See-Through Frog Embryos Know When Dad's Not Watching

a male glass frog broods eggs
Here a male glass frog (H. fleischmanni) broods eggs to keep them wet for three to 19 days after the mothers lays them. The eggs can hatch anywhere from 12 to 27 days after they are laid. (Image credit: Jesse RJ Delia.)

With their hearts, guts and other internal organs visible through translucent skin, glass frogs look vulnerable.

Now, scientists have found that the embryos of these nocturnal frogs do not like staying defenseless, so they hatch more quickly when their fathers desert them.

The early stages of life are usually the most vulnerable, and parents across many animal species protect their embryos as they develop. Birds typically brood their own eggs, resting on top of them for incubation, while humans and similar mammals protect embryos within themselves during pregnancy. There are exceptions to such rules — for instance, cuckoos get other birds to brood their eggs. [The 9 Most Devoted Dads of the Animal Kingdom]

However, many embryos have ways of taking care of themselves, especially if their parents abandon them. For instance, "in red-eyed tree frogs, a species without parental care, embryos can assess and rapidly hatch in response to predators," said lead study author Jesse Delia, an ethologist at Boston University. "Embryos are evolving, responsive organisms."

Although scientists have found that embryos can hatch early in species without parental care, Delia told Live Science, "to date, no work has evaluated whether embryos hatch in response to bad parents" — that is, parents that shirk their duties in species that are supposed to care for their eggs.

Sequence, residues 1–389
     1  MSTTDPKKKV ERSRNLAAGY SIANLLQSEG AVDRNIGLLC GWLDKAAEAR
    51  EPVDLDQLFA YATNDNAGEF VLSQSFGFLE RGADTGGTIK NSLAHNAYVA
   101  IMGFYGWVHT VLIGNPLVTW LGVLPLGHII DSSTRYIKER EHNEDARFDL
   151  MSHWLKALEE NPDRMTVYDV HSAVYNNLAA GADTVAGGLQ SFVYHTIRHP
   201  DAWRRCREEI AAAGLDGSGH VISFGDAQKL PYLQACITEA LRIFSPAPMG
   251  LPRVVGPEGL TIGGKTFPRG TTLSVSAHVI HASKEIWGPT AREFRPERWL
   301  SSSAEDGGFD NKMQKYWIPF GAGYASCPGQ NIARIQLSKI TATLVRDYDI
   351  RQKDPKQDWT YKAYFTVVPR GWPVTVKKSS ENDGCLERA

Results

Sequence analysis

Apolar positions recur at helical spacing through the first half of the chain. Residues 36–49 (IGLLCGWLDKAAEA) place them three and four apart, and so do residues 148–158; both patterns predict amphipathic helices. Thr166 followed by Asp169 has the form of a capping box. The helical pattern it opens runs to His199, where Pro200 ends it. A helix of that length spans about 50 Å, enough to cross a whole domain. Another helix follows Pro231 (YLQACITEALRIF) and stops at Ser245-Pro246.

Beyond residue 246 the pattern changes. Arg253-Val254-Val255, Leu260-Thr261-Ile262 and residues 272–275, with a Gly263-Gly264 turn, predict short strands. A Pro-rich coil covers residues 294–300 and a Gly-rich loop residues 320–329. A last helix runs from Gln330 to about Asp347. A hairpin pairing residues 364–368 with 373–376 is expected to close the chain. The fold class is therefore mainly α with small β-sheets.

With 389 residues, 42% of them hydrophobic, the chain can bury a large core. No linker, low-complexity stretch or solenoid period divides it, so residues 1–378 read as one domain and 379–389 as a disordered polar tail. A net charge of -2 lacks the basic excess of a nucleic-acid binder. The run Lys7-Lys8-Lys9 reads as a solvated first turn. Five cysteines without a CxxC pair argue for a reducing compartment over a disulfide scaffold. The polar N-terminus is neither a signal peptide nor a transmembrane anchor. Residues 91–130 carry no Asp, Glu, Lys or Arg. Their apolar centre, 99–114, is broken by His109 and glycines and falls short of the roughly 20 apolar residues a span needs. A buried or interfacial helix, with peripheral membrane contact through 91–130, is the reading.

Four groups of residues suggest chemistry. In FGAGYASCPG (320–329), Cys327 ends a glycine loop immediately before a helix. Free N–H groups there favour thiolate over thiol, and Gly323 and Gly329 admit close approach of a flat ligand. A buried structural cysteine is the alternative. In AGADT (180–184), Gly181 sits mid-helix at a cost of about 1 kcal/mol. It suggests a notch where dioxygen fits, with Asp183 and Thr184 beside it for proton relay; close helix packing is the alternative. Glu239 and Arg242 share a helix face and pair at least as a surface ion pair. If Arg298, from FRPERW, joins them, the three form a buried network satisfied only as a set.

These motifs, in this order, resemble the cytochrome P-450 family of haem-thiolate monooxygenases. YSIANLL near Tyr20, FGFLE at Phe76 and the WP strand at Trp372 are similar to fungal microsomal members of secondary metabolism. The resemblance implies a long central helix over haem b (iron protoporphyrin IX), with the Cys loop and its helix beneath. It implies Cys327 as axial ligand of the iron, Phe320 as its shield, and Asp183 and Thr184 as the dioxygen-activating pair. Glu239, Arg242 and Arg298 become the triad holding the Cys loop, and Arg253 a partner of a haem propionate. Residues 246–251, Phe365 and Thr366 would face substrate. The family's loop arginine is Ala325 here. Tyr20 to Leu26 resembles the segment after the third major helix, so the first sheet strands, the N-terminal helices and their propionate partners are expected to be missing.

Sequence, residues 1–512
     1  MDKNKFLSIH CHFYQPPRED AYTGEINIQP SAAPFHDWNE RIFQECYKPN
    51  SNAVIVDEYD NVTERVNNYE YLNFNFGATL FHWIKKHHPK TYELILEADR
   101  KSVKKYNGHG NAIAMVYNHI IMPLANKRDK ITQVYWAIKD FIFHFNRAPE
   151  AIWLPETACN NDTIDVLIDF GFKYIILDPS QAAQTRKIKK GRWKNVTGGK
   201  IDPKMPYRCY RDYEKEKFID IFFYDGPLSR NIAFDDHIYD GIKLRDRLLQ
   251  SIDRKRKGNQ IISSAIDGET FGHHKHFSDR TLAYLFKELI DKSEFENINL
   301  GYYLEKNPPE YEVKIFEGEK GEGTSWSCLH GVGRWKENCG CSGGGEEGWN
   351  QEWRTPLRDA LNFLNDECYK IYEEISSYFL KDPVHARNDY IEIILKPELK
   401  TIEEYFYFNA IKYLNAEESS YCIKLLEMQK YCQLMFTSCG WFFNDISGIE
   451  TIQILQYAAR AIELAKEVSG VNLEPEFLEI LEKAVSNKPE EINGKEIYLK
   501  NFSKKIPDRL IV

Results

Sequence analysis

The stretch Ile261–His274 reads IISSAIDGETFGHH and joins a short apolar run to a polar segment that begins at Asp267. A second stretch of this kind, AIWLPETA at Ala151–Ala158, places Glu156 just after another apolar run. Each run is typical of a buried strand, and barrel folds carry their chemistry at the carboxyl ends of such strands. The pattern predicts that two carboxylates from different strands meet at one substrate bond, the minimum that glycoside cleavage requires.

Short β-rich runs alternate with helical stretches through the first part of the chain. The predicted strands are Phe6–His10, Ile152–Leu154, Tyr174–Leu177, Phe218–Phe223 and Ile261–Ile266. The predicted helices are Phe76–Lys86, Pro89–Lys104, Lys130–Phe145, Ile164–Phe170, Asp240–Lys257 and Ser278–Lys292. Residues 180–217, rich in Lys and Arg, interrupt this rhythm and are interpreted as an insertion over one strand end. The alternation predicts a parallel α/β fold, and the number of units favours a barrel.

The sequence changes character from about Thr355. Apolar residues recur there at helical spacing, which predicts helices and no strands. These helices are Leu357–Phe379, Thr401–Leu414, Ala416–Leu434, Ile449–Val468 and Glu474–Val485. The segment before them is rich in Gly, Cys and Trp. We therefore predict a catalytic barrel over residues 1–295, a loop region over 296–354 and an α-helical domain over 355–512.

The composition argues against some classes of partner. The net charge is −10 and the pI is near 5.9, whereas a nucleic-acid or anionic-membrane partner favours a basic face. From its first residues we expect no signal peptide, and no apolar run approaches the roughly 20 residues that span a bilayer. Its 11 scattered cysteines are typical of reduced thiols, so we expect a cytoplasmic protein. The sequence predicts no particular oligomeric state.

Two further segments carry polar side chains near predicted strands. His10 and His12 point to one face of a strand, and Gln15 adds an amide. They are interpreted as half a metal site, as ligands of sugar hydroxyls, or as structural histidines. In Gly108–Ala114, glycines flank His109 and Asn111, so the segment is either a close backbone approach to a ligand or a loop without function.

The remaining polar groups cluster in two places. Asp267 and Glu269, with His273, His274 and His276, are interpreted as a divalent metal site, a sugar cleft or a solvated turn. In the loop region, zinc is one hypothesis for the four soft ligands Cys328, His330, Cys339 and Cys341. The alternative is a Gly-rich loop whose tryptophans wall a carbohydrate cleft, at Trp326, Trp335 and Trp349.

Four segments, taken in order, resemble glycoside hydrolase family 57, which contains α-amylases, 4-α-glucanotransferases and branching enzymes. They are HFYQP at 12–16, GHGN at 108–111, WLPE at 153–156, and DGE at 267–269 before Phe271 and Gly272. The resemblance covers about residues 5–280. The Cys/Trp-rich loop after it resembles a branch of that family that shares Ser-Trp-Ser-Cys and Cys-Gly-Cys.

To explore how embryos might respond to bad parenting, scientists investigated glass frogs, amphibians found throughout Latin America. In the species Hyalinobatrachium fleischmanni, the fathers brood eggs to keep them wet for three to 19 days after the mothers lay the eggs. The eggs can hatch anywhere from 12 to 27 days after they are laid.

Glass frogs like this one in Oaxaca, Mexico, have translucent skin, meaning their hearts, guts and other internal organs are visible from the outside of their bodies. (Image credit: Jesse RJ Delia.)

"In glass frogs, fathers provide parental care to embryos, and there is a lot of variation among fathers — some provide care for prolonged periods, while others seem to provide the bare minimum needed for embryos to survive," Delia said.

In glass frogs, fathers can desert their eggs for up to two days in order to pursue sex. This leaves their eggs vulnerable to dehydration and death.

In experiments conducted out in the field in Mexico in 2009 and 2010, scientists removed 40 males from eggs two to eight days after the eggs were laid, and monitored embryo responses.

"Field work was challenging at times — the behavior of these frogs is truly fascinating, but the only way to study these nocturnal beasts is by becoming a creature of the night," Delia said. "I conducted research in a small pueblo in the Sierra Madre del Sur of Oaxaca. Pueblo life typically starts at 4 to 5 a.m., often initiated by roosters and dogs, then followed by wake-up music to get the day going. My night typically ended at 4 a.m., so getting sleep was tricky at times.

"Also, 2010 was one of the wettest years on record for southern Mexico," Delia said. "Collecting data required that I was on stream taking measurements each night, regardless of weather."

The scientists discovered that glass-frog eggs hatched about 21 percent earlier on average when the fathers were removed. They hatched up to about 34 percent earlier when conditions were drier, suggesting that dehydration was the cue the eggs relied on to hatch early.

"Embryos can cope with delinquent dads," Delia said.

The researchers suggest this kind of embryo behavior may be common among species that provide care to eggs, such as insects, bony fishes and amphibians. "Variation in parental care seems to be the norm rather than the exception," Delia said.

The scientists detailed their findings online April 30 in the journal Proceedings of the Royal Society B.

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Charles Q. Choi
Live Science Contributor
Charles Q. Choi is a contributing writer for Live Science and He covers all things human origins and astronomy as well as physics, animals and general science topics. Charles has a Master of Arts degree from the University of Missouri-Columbia, School of Journalism and a Bachelor of Arts degree from the University of South Florida. Charles has visited every continent on Earth, drinking rancid yak butter tea in Lhasa, snorkeling with sea lions in the Galapagos and even climbing an iceberg in Antarctica.